• Revise current shipping descriptions for lithium batteries (UN3090), lithium batteries packed with equipment (UN3091), and lithium batteries contained in equipment (UN3091) to specify lithium metal batteries including lithium alloy batteries as appropriate.[1]
  • Adopt shipping descriptions for lithium ion batteries including lithium ion polymer batteries (UN3480), lithium ion batteries packed with equipment including lithium ion polymer batteries (UN3481), lithium ion batteries contained in equipment including lithium ion polymer batteries (UN3481).1
  • Adopt watt-hours in place of equivalent lithium content to measure the relative hazard of lithium ion cells and batteries.
  • Incorporate by reference the latest revisions to the United Nations Manual of Tests and Criteria applicable to the design type testing of lithium cells and batteries.
  • Adopt and revise various definitions including “Aggregate lithium content” “Lithium content”, “Lithium ion cell or battery”, “Lithium metal cell or battery”, “Short circuit”, and “Watt-hour” based on definitions found in the UN Manual of Tests and Criteria.
  • Require manufacturers to retain results of satisfactory completion of UN design type tests for each lithium cell and battery type and place a mark on the battery and/or cell to indicate testing has been completed successfully. PHMSA and the FAA will coordinate with the appropriate international organizations to ensure consistency.
  • For air transportation, eliminate regulatory exceptions for lithium cells and batteries, other than certain exceptions for extremely small lithium cells and batteries that are shipped in very limited quantities such as button cells and other small batteries that are packed with or contained in equipment and those required for operational use in accordance with applicable airworthiness requirements and operating regulations.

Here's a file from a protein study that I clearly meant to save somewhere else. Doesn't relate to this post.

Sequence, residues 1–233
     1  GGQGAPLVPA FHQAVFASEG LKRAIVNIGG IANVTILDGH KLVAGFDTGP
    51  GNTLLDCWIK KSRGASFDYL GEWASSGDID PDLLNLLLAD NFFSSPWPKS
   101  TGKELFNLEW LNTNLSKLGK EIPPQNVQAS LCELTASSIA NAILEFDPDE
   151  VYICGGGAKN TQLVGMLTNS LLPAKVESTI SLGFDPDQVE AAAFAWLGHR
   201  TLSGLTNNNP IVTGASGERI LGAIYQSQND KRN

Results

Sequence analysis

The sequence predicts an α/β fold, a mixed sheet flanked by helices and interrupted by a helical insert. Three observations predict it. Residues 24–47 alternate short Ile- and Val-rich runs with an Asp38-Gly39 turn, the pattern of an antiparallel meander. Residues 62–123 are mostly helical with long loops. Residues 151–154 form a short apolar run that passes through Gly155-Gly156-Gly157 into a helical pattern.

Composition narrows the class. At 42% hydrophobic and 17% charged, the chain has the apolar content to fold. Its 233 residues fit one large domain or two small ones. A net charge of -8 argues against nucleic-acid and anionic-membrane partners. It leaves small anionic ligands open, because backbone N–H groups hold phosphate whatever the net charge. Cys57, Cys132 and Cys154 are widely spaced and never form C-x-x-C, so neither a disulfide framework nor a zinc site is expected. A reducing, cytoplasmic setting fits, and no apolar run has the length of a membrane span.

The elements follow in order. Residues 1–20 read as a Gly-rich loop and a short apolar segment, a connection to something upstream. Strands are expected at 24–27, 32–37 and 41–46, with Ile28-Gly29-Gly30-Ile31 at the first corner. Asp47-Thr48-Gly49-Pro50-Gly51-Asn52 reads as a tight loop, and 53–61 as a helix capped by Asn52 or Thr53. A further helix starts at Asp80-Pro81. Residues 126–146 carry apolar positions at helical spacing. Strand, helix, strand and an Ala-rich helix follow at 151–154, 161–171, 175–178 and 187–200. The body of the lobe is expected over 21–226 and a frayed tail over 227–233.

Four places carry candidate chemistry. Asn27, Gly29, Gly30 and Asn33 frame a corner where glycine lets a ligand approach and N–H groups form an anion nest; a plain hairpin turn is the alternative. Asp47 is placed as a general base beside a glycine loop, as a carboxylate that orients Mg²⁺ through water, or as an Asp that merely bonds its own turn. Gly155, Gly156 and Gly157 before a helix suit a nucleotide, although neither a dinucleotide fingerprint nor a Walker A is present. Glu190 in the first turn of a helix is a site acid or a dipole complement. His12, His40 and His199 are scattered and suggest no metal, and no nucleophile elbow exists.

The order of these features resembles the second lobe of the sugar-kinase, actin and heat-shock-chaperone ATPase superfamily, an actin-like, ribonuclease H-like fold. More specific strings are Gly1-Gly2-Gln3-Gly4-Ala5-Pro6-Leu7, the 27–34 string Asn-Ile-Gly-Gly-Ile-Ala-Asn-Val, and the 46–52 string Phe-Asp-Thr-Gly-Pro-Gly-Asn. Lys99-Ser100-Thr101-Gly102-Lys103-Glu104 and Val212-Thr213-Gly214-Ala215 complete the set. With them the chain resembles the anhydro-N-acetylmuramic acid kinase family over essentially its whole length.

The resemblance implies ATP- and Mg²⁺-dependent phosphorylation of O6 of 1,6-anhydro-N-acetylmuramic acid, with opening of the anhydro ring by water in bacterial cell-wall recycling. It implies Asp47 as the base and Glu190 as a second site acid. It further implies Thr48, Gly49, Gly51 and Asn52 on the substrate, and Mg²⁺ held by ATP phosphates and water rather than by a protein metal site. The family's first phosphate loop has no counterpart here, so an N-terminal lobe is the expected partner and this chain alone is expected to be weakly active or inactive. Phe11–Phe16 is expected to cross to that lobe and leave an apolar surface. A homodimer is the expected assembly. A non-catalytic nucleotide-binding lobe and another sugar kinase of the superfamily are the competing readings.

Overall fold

• For all transport modes, require lithium cells and batteries to be packed to protect the cell or battery from short circuits.
  • Unless transported in a container approved by the FAA Administrator, when transported aboard aircraft, limit stowage of lithium cells and batteries to crew accessible cargo locations or locations equipped with an FAA approved fire suppression system.
  • Consolidate and simplify current and revised lithium battery requirements into one section of the HMR.
  • Apply appropriate safety measures for the transport of lithium cells or batteries identified as being defective for safety reasons, or those that have been damaged or are otherwise being returned to the manufacturer.

To expedite compliance with the amendments in this notice, PHMSA proposed a mandatory compliance date of 75 days after the date of publication of the final rule.

II. Purpose of Public Meeting

The March 5, 2010 meeting is intended to provide an opportunity for all interested parties to comment on the NPRM and the accompanying regulatory evaluation. However, PHMSA and FAA consider it important to address the risks in the transportation of lithium cells and batteries promptly and that the 60-day comment period provided in the NPRM should be sufficient for all comments to be prepared and submitted. Accordingly, the March 12, 2010 deadline for submission of written comments is not being extended. However, PHMSA will consider late-filed comments to the extent practicable as the agency develops a final rule.

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Issued in Washington, DC, on February 24, 2010.

Magdy El-Sibaie,

Acting Associate Administrator for Hazardous Materials Safety.

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1.  In 2006, separate shipping descriptions for lithium metal batteries and lithium ion batteries were adopted into the UN Recommendations. The International Civil Aviation Organization and the International Maritime Organization subsequently adopted these shipping descriptions. All references to primary or secondary lithium batteries in international regulations were revised to reflect this change.

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[FR Doc. 2010-4232 Filed 2-25-10; 4:15 pm]